Indigenous peoples of the Americas
The indigenous peoples of the Americas are the Pre-Columbian peoples of North and South America and their descendants. Although some indigenous peoples of the Americas were traditionally hunter-gatherers—and many in the Amazon basin, still are—many groups practiced aquaculture and agriculture; the impact of their agricultural endowment to the world is a testament to their time and work in reshaping and cultivating the flora indigenous to the Americas. Although some societies depended on agriculture, others practiced a mix of farming and gathering. In some regions the indigenous peoples created monumental architecture, large-scale organized cities, city-states, states and empires. Among these are the Aztec and Maya states that until the 16th century were among the most politically and advanced nations in the world, they had a vast knowledge of engineering, mathematics, writing, medicine and irrigation, mining and goldsmithing. Many parts of the Americas are still populated by indigenous peoples.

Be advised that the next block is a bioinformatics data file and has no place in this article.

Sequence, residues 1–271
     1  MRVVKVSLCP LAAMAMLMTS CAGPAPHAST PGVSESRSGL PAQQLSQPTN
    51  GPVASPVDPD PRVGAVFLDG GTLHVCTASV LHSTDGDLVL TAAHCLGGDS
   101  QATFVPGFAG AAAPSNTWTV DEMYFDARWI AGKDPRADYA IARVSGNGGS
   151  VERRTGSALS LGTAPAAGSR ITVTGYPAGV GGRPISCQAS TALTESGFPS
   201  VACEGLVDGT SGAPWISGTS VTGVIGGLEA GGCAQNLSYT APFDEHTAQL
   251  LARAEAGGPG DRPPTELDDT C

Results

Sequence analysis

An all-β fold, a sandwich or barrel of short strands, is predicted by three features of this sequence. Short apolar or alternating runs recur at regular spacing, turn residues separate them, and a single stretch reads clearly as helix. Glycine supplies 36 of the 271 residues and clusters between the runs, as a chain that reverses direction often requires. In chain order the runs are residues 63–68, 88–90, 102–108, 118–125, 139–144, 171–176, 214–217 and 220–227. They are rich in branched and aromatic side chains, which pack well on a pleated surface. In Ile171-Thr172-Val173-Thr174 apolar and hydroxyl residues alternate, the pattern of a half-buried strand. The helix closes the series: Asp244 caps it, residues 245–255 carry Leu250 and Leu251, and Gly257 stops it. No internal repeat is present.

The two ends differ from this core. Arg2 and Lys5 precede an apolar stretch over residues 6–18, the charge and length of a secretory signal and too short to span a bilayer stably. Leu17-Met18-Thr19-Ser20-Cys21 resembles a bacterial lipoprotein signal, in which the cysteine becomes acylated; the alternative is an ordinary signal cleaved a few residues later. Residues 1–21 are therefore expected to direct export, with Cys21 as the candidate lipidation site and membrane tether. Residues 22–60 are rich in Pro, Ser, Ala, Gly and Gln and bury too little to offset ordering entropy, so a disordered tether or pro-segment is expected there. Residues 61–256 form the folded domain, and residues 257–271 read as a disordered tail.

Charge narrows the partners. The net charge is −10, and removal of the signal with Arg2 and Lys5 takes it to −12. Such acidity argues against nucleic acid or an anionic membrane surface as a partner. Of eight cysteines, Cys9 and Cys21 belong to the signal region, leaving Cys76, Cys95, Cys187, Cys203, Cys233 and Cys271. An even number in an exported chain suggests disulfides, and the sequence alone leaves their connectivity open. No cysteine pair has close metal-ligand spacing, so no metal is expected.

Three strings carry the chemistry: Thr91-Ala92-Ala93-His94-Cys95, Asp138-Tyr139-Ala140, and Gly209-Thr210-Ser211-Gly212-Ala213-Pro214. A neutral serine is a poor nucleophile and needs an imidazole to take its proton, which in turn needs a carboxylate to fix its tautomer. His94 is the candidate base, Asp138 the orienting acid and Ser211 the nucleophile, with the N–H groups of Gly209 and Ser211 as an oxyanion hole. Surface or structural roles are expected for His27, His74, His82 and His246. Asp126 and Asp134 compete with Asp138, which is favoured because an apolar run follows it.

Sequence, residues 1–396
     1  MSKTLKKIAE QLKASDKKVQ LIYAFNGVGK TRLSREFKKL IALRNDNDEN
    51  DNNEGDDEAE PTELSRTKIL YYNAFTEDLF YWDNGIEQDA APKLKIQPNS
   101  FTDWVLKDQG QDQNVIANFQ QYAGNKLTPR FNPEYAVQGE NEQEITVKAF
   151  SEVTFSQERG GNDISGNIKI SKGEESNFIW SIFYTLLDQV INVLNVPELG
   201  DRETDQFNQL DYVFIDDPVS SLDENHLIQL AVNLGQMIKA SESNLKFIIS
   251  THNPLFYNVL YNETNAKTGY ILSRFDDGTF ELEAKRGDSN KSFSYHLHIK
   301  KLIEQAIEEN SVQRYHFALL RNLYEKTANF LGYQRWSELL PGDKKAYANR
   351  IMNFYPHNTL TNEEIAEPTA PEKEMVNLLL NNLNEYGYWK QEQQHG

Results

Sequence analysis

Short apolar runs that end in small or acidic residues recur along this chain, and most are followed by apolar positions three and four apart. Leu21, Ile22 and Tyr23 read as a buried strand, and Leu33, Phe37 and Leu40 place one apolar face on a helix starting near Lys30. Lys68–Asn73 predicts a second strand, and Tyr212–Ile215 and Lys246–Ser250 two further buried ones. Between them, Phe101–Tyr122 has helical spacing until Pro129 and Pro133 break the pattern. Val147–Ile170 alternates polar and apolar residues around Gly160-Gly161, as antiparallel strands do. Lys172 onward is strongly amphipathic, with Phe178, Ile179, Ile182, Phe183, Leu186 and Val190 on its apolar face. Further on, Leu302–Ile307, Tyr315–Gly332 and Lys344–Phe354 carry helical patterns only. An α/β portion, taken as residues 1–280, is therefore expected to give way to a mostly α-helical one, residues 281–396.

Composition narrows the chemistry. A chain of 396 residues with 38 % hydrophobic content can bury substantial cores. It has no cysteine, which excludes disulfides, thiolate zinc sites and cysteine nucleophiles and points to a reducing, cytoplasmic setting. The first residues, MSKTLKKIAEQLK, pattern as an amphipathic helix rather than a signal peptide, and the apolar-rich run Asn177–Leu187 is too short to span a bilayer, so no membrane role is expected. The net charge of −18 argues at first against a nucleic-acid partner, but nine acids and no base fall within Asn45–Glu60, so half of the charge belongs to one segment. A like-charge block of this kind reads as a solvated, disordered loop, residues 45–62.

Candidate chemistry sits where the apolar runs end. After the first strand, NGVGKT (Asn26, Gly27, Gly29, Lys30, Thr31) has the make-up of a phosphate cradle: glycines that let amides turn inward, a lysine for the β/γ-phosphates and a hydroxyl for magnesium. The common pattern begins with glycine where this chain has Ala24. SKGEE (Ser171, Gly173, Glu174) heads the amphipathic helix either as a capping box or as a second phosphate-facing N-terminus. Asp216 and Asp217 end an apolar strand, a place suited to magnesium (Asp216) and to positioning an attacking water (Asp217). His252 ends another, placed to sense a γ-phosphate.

At least a thousand different indigenous languages are spoken in the Americas. Some, such as the Quechuan languages, Guaraní, Mayan languages and Nahuatl, count their speakers in millions. Many maintain aspects of indigenous cultural practices to varying degrees, including religion, social organization and subsistence practices. Like most cultures, over time, cultures specific to many indigenous peoples have evolved to incorporate traditional aspects but cater to modern needs; some indigenous peoples still live in relative isolation from Western culture and a few are still counted as uncontacted peoples. Indigenous peoples of the United States are known as Native Americans or American Indians and Alaska Natives. Application of the term "Indian" originated with Christopher Columbus, who, in his search for India, thought that he had arrived in the East Indies; those islands came to be known as the "West Indies", a name still used. This led to the blanket term "Indies" and "Indians" for the indigenous inhabitants, which implied some kind of racial or cultural unity among the indigenous peoples of the Americas.